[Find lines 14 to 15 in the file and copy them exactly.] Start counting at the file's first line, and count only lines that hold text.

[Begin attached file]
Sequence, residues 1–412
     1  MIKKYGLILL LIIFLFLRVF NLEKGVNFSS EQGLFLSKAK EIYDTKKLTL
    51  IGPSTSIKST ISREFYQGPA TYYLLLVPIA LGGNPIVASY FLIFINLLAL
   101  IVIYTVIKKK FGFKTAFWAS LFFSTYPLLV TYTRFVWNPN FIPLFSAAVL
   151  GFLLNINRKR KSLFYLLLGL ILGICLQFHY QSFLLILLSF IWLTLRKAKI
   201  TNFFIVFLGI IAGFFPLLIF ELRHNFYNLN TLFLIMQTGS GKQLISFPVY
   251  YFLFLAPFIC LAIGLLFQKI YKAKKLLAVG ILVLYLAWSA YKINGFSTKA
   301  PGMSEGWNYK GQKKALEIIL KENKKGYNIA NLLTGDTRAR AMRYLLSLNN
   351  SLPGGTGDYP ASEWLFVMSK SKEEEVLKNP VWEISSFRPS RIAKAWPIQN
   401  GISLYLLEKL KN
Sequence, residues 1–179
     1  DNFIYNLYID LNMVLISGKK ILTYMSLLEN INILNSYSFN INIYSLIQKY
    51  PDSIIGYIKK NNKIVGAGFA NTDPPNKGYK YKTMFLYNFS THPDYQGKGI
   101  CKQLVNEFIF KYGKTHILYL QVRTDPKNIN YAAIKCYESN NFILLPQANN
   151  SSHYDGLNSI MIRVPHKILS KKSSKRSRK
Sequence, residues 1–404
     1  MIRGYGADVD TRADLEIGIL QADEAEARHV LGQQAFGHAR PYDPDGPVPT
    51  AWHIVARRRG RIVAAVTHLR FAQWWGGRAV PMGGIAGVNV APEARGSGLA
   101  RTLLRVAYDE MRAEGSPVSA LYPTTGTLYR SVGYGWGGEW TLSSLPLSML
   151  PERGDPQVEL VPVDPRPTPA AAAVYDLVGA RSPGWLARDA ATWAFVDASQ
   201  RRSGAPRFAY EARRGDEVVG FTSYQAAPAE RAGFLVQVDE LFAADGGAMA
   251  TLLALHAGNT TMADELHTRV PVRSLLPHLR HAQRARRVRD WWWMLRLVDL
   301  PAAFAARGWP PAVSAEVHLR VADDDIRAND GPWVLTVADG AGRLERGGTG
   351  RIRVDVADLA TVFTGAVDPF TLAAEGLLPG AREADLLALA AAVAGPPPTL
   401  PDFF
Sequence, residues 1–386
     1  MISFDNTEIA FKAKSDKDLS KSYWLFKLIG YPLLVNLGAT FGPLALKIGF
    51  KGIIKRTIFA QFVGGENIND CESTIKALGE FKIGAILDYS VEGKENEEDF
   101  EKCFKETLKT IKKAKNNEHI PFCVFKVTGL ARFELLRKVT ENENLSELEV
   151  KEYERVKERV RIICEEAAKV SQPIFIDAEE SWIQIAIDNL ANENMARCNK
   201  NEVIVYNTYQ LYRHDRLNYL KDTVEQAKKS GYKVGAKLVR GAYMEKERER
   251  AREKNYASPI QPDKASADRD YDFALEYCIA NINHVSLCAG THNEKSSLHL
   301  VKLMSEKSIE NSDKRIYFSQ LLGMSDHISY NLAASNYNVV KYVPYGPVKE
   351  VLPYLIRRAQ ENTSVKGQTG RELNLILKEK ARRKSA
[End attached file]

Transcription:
   101  CKQLVNEFIF KYGKTHILYL QVRTDPKNIN YAAIKCYESN NFILLPQANN
   151  SSHYDGLNSI MIRVPHKILS KKSSKRSRK